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Neurobiol Learn Mem. 2011 Nov;96(4):564-82. doi: 10.1016/j.nlm.2011.07.004. Epub 2011 Aug 22.

The cognitive cost of sleep lost.

Author information

  • 1VA Boston Healthcare System, Research Service and Harvard Medical School, Department of Psychiatry, 940 Belmont St., Brockton, MA 02301-5596, USA. jmccoy1@stonehill.edu

Abstract

A substantial body of literature supports the intuitive notion that a good night's sleep can facilitate human cognitive performance the next day. Deficits in attention, learning & memory, emotional reactivity, and higher-order cognitive processes, such as executive function and decision making, have all been documented following sleep disruption in humans. Thus, whilst numerous clinical and experimental studies link human sleep disturbance to cognitive deficits, attempts to develop valid and reliable rodent models of these phenomena are fewer, and relatively more recent. This review focuses primarily on the cognitive impairments produced by sleep disruption in rodent models of several human patterns of sleep loss/sleep disturbance. Though not an exclusive list, this review will focus on four specific types of sleep disturbance: total sleep deprivation, experimental sleep fragmentation, selective REM sleep deprivation, and chronic sleep restriction. The use of rodent models can provide greater opportunities to understand the neurobiological changes underlying sleep loss induced cognitive impairments. Thus, this review concludes with a description of recent neurobiological findings concerning the neuroplastic changes and putative brain mechanisms that may underlie the cognitive deficits produced by sleep disturbances.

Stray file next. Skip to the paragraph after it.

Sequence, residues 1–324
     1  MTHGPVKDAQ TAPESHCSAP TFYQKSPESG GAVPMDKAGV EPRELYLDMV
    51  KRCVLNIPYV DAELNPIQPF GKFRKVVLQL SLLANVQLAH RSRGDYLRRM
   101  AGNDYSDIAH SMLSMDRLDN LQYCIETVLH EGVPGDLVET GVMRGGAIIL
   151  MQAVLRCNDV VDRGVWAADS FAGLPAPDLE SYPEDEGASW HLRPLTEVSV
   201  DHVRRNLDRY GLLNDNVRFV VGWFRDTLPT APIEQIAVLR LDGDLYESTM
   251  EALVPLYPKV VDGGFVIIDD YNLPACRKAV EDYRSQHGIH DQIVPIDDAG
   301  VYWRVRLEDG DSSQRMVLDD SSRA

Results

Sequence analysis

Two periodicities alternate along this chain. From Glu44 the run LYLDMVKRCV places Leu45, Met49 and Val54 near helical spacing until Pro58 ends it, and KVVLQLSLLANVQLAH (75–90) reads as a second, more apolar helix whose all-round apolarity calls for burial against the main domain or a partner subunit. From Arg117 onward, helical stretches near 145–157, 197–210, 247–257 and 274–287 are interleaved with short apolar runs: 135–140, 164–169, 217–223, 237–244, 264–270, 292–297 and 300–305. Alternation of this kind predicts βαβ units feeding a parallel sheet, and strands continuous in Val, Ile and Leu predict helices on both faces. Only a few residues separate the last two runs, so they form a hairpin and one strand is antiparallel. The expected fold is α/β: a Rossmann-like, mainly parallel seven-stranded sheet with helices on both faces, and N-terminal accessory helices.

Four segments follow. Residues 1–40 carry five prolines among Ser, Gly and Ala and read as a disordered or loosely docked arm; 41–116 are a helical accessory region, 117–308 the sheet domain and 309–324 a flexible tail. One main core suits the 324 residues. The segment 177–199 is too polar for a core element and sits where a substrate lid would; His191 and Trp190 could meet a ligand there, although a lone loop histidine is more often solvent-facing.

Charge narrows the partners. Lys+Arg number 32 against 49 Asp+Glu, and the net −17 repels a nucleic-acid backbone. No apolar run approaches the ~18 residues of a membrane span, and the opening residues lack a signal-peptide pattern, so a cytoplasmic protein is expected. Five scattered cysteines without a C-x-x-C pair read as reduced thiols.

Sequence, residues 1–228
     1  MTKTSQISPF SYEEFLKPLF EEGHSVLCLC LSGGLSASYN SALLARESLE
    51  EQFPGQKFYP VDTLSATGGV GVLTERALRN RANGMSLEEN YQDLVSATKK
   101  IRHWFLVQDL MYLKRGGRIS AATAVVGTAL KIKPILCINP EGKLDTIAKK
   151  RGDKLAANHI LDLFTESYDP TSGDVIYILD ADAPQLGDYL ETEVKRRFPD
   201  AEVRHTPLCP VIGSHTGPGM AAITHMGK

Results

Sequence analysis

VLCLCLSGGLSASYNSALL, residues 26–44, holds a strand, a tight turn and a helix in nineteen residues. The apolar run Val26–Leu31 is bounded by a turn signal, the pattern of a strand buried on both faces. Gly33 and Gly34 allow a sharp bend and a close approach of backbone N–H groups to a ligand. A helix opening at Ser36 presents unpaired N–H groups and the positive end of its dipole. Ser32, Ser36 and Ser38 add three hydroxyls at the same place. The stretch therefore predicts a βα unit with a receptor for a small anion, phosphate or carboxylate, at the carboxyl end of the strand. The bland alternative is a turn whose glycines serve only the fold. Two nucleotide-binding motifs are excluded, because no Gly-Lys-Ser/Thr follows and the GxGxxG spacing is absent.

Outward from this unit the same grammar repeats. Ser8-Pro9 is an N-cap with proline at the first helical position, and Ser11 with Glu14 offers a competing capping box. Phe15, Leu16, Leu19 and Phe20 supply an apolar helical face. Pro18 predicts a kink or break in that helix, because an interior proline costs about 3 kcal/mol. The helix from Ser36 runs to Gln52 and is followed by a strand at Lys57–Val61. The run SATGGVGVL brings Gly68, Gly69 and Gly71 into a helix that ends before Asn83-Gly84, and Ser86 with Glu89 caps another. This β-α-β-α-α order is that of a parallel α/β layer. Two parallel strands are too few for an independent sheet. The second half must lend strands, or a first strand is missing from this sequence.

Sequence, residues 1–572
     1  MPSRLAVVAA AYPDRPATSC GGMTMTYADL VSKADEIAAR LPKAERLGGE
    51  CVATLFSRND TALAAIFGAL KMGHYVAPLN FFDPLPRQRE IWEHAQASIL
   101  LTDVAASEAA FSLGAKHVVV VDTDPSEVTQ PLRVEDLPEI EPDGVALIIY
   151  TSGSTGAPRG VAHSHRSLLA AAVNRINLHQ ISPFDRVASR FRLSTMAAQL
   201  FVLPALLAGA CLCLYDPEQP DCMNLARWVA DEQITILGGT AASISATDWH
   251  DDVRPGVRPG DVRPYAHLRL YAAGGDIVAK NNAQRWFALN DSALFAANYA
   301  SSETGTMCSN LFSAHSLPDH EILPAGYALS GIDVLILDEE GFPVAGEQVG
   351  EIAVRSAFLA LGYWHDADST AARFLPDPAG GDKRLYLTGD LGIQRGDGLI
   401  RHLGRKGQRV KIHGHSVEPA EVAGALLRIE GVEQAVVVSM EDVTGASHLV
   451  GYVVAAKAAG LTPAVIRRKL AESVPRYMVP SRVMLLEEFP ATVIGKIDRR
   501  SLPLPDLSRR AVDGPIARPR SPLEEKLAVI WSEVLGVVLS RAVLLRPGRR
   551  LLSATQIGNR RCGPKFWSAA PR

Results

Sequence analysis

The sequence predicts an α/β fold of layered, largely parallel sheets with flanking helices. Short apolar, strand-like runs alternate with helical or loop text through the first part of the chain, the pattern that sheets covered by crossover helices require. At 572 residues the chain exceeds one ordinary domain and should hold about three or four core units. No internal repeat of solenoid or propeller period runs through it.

Published by Elsevier Inc.

PMID:
21875679
[PubMed - indexed for MEDLINE]
PMCID:
PMC3614362
Free PMC Article

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